Dylan Farrow, the adopted daughter of Woody Allen who has alleged that he sexually abused her as a child, questioned in an article published this week why Mr. Allen had escaped the consequences of the widespread social backlash that was set off by the fall of the Hollywood producer Harvey Weinstein.
Ms. Farrow, writing in an opinion piece published in The Los Angeles Times, also alleged that those who worked for Mr. Allen, including people in the movie industry and actors in Mr. Allen’s movies, have covered up for him or turned a blind eye.
She referred to the #MeToo movement, which arose after the allegations against Mr. Weinstein were reported in The New York Times and The New Yorker in October and in which women shared stories of sexual assault and accusations ranging from inappropriate text messages to rape. (The New Yorker articles were reported by Ms. Farrow’s brother Ronan.)
As names were revealed, high-profile men in Hollywood and other industries resigned, were fired or experienced other fallout.
But not, Ms. Farrow noted, Mr. Allen.
We are in the midst of a revolution. From allegations against studio heads and journalists, to hotel maids recounting abuses on the job, women are exposing the truth and men are losing their jobs. But the revolution has been selective.
I have long maintained that when I was 7 years old, Woody Allen led me into an attic, away from the babysitters who had been instructed never to leave me alone with him. He then sexually assaulted me. I told the truth to the authorities then, and I have been telling it, unaltered, for more than 20 years.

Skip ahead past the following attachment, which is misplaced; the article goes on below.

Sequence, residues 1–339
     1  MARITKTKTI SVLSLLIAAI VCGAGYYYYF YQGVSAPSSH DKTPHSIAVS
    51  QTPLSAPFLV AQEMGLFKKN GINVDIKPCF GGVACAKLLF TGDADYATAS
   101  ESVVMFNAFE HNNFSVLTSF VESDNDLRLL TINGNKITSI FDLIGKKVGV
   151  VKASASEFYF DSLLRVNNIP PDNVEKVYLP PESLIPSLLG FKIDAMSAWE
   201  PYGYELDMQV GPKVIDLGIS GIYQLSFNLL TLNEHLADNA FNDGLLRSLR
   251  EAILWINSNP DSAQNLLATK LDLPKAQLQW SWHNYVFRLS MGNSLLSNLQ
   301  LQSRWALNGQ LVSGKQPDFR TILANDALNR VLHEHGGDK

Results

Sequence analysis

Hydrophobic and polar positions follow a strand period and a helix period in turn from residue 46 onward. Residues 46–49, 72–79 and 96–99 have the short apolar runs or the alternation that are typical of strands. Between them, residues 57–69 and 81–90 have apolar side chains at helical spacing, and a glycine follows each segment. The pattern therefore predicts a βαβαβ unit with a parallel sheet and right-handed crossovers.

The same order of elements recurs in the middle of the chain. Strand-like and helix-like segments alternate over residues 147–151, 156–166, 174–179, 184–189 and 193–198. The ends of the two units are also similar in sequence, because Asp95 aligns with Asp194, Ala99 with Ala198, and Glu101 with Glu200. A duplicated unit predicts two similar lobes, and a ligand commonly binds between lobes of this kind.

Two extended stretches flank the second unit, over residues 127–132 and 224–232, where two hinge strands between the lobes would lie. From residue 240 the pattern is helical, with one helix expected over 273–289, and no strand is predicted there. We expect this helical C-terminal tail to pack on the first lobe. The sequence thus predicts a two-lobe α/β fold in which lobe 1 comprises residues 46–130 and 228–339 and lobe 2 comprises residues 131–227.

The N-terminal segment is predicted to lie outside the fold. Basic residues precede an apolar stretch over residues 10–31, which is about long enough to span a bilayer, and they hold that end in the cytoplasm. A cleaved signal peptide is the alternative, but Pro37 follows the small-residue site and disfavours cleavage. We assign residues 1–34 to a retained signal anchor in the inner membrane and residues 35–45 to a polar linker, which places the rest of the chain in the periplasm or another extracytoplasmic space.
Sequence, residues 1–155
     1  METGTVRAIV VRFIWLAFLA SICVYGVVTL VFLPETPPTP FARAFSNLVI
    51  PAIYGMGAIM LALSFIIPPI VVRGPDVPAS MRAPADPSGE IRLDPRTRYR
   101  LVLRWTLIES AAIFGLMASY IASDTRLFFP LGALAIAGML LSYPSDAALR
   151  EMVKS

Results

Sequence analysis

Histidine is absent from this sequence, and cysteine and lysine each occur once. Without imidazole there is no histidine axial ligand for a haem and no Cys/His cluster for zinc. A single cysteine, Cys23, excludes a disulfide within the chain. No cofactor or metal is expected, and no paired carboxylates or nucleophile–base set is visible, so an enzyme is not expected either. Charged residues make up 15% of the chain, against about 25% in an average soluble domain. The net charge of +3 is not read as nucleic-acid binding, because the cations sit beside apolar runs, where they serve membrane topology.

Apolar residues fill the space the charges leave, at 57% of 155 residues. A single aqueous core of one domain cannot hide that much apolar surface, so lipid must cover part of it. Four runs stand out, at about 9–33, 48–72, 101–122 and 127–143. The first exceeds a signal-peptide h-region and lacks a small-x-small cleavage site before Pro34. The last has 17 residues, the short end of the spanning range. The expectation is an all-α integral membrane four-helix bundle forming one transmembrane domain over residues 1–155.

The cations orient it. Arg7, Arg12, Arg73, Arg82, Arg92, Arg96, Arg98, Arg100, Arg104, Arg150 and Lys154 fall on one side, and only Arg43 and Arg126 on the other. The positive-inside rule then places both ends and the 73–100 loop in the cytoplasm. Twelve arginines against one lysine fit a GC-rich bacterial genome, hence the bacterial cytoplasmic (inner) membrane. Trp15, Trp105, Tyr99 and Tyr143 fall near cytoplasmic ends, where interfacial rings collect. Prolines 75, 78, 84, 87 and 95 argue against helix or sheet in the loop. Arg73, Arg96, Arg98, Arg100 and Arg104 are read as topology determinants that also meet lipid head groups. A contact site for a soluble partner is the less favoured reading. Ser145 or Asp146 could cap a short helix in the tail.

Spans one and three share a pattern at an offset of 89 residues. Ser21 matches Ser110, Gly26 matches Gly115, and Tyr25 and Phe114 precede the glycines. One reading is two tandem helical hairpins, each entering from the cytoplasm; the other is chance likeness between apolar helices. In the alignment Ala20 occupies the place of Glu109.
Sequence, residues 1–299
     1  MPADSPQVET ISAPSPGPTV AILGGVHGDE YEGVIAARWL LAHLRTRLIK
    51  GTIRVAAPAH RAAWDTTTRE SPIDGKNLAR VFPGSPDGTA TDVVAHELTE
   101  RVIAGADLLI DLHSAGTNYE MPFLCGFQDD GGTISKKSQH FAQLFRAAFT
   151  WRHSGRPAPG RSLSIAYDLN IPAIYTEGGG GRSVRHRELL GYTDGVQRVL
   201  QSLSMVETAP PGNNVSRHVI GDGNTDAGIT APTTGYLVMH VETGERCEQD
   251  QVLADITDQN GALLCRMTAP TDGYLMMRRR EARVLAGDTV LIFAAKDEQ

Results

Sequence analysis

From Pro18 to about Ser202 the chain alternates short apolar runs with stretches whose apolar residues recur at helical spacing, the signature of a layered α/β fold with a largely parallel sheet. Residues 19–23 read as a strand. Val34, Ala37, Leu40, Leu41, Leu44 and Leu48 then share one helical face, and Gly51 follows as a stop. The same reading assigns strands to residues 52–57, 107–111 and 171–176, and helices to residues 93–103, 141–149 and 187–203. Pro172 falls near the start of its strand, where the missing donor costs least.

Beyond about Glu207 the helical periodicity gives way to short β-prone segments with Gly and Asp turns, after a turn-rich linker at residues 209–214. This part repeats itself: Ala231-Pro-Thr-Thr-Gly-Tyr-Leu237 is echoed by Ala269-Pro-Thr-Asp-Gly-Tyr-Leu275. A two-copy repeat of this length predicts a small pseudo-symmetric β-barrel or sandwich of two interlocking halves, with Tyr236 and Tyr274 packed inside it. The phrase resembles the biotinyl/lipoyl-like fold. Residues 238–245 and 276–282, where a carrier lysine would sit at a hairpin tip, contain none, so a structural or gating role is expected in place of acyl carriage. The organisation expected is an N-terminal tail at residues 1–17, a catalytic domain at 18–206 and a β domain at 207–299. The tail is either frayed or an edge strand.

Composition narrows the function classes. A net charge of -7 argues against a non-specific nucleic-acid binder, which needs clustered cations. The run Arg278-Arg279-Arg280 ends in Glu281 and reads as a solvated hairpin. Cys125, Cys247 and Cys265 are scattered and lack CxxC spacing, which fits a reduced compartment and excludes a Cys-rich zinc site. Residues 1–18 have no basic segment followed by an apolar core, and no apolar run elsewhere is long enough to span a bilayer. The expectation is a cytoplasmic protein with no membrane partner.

Why is it that Harvey Weinstein and other accused celebrities have been cast out by Hollywood, while Allen recently secured a multimillion-dollar distribution deal with Amazon, greenlit by former Amazon Studios executive Roy Price before he was suspended over sexual misconduct allegations? Allen’s latest feature, “Wonder Wheel,” was released theatrically on Dec. 1.
Mr. Allen’s representatives could not immediately be reached for comment on Friday. But he has previously denied Ms. Farrow’s accusations, including in 2014 when she wrote in a detailed open letter in The New York Times that her father had molested her, starting when she was 7.
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